Being a Lymey caused me to gain so much knowledge in the medical field. The constant blood works, the research I do during all my sleepless nights, all the knowledge sharing during the interactions on online forums with other lymeys… The list just goes on. I am at a point I can read my own blood panel. It is sad really as to why I ended up with so much knowledge. However, I’d rather look at it on the bright side. Understanding my blood work helps me ask the right questions to my doctors. And no this isn’t same as those people who go to WebMD and find weird diseases via the Symptom Checker and try to get their doctor to jump on board without any valid reason. This is actually being educated and understanding what is going on with my health and advocating for myself and for my health. I figured today I share some basic knowledge with you guys. Funny I say basic, because it all feels basic now. Anyhow I want to talk about white blood cells. They are very important starting point in diagnosing issues with our health.

Leukocytes - White Blood Cells

Leukocytes and Types of Leukocytes

Leukocytes are the white blood cells and there are 5 types of white blood cells in our body. They all serve different functions but carry one common goal to protect us in order to keep us healthy:

  • Eosinophils
  • Neutrophils
  • Basophils
  • Monocytes
  • Lymphocytes




Eosinophil is a type of white blood cell. Elevated levels of Eosinophil count in your blood is called Eosinophilia and is a good indicator that you are suffering from an illness. This is because it means your body is sending more and more white blood cells to fight off infections. Eosinophils have two distinct functions in your immune system. First, they destroy invading germs like viruses, bacteria, or parasites. Eosinophils also create an inflammatory response. Inflammation helps isolate and control the immune response at the site of an infection, but it also damages the tissue around it. Hence why Lymeys are inflamed all the time.

Simple blood panels actually check for Eosinophil count. Pay attention to your lab results and if you have a high Eosinophil count talk to your doctor and raise concerns about possible viruses, bacteria even parasites. Don’t forget biggest advocate of your health is YOU. That is why it is very important to educate yourself in this area.




Neutrophil is another type of while blood cell. Low levels of Neutrophil is also referred to as Neutropenia. Neutrophils are also called bacterial slayers, because their function is killing foreign bacteria in the body. If Neutropenia is present in your lab results, it means it is harder for your body to fight infections. It is also very important you protect your body against new infections, including avoiding consuming certain raw foods or exposure to raw meats and such.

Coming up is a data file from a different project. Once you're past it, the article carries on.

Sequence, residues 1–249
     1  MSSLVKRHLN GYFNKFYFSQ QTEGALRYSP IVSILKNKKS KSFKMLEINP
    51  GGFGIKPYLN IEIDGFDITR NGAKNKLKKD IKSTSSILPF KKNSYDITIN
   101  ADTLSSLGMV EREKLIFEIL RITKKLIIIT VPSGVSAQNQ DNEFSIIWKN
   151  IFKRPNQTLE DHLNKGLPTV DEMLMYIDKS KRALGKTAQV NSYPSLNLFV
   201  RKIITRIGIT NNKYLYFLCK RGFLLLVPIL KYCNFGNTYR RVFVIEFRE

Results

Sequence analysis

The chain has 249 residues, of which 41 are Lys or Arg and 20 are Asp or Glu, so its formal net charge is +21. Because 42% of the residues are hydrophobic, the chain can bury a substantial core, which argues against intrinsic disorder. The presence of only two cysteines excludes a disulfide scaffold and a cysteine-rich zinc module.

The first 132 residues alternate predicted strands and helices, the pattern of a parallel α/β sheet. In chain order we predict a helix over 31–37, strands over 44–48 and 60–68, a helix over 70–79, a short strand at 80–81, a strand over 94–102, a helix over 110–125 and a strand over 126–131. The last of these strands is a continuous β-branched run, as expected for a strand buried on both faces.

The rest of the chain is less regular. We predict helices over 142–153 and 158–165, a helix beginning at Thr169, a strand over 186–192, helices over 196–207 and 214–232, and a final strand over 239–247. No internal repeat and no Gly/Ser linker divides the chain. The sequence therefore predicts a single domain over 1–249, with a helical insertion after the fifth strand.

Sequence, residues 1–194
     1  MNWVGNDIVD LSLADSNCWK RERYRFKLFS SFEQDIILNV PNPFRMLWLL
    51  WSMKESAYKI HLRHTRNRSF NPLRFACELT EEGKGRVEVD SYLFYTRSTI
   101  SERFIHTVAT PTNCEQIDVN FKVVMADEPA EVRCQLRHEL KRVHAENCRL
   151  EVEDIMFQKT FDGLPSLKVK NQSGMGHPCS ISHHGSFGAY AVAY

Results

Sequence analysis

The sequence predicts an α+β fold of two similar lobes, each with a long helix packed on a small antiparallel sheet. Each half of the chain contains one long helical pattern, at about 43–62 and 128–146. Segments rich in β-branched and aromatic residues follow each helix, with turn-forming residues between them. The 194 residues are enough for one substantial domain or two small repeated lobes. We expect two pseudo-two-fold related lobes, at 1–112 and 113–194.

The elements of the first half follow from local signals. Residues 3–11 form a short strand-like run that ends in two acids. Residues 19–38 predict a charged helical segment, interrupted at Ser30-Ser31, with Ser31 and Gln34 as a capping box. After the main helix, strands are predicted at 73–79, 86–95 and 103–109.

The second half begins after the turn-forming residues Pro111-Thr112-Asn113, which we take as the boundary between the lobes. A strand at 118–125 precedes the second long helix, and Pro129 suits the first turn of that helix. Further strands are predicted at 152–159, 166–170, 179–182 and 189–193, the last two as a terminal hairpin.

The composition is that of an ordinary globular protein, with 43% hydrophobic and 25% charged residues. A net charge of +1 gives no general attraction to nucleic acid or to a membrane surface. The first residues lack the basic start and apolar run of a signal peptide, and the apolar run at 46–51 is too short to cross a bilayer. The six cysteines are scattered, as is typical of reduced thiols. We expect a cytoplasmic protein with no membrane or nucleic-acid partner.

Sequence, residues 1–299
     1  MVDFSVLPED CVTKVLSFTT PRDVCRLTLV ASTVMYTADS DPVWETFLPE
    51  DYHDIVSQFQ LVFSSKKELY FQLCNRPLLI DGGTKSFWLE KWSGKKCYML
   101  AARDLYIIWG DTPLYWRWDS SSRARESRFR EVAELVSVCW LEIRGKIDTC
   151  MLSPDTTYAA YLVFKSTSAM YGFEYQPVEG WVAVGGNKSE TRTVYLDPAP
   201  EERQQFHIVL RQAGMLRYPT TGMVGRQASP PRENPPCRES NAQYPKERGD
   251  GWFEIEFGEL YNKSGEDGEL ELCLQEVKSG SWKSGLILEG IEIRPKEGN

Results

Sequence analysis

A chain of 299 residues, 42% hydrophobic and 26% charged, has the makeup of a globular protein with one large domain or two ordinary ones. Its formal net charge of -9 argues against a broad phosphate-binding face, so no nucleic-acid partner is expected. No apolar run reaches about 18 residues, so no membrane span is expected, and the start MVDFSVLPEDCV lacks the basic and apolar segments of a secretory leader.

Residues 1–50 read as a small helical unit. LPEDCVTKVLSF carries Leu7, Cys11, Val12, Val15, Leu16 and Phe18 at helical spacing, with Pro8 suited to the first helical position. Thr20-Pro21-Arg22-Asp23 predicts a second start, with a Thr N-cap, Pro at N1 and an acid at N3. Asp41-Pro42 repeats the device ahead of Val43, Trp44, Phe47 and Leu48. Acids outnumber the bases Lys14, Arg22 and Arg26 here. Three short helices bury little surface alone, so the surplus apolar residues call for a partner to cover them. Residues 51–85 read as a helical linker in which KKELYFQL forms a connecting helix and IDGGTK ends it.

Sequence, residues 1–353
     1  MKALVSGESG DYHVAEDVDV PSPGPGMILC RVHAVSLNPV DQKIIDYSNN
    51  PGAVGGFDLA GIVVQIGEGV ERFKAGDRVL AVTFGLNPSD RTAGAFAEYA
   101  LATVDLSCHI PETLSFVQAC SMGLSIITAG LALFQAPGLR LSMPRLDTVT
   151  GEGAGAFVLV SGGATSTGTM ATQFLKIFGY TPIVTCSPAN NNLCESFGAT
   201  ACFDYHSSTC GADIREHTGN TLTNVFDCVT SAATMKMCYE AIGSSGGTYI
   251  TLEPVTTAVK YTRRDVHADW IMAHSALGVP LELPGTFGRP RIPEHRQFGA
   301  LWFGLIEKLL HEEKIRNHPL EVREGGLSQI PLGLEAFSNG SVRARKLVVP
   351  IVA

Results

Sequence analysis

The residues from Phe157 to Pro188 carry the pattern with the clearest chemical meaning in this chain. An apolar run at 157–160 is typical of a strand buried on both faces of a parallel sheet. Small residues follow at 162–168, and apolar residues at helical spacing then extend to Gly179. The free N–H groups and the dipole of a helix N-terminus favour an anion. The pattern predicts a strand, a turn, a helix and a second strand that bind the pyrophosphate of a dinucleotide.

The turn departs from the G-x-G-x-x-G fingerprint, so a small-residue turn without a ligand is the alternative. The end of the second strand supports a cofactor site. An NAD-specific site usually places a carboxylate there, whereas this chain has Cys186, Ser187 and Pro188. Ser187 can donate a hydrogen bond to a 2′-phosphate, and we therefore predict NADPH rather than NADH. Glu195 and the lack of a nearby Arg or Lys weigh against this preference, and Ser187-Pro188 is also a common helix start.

Again please pay attention to your Neutrophil count for your own good. Insist on further testing to find the underlying causes to find the low count of neutrophils.




Basophil is also another type of white blood cells. They are the least abundant of all Leukocytes in our body, which means if your Basophil count is too high, something isn’t right. Basophils contain heparin and histamine and help with the inflammatory response. Heparin helps against blood clotting and histamine dilates blood vessels to bring resources into a site of a damage. Bottom line if your Basophil count is too high, you either have pathogens, allergens or tissue damage. Tick Borne Diseases cause tissue damage and Lymeys tend to have a lot of allergies. I would say it would be expected for your Basophil count to be high.

It is good to keep an eye on your Basophil count in my opinion to see where you stand, if you are already diagnosed with Lyme disease. It would help you see, if your medications are helping reduce the inflammatory response and help you and your doctor manage your treatment.




Monocytes are the largest blood cells. Increased levels of Monocytes is also referred to as Monocytosis. Monocytosis indicates chronic infections. Go figure, right? 😀 They are involved with cleaning up at the end of an inflammatory response, kind of like a vacuum cleaner. Macrophages (that’s what Monocytes are called when they leave the blood) work with lymphocytes as antigen presenting cells. Meaning they present a piece of the pathogen to the T cells (a type of Lymphocytes).




Lymphocytes are a special type of white blood cell that are capable of cell division in lymphatic organs and tissues in response to specific infections in the body. They are the last step in the immune system and allow for long-term resistance to infections the body has seen before. High count of Lymphocytes is called Lymphocytosis. Lymphocytes come in two shapes: T lymphocytes (aka T cells) and B lymphocytes (aka B cells). I will explain how the T and B cells work another day – especially in Lymeys.

To put it simply us Lymeys definitely have Lymphocytosis and our body overall is in overdrive trying to kill infections. That is why we are always swollen. Also, our immune system is so vulnerable and compromised. We have to be extra careful and try not to expose ourselves even to simple viruses and infections. We have to stay away from allergens as well.

Little bit of knowledge goes a long way in giving us clues about our health. I tried to keep the subject as simple as possible. I hope I accomplished my goal. I also hope I didn’t make any mistakes. If I did, remember I am just a patient and not a doctor. Leave a comment and I will make the necessary corrections.

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One Thought on “The Truth That Stares Us in The Face in Our Blood Panels

  1. Tessa McCall on 05/11/2014 at 3:28 PM said:

    Good work except eosinophils also is a indication of high allergic response and this can be from environment or food allergies.

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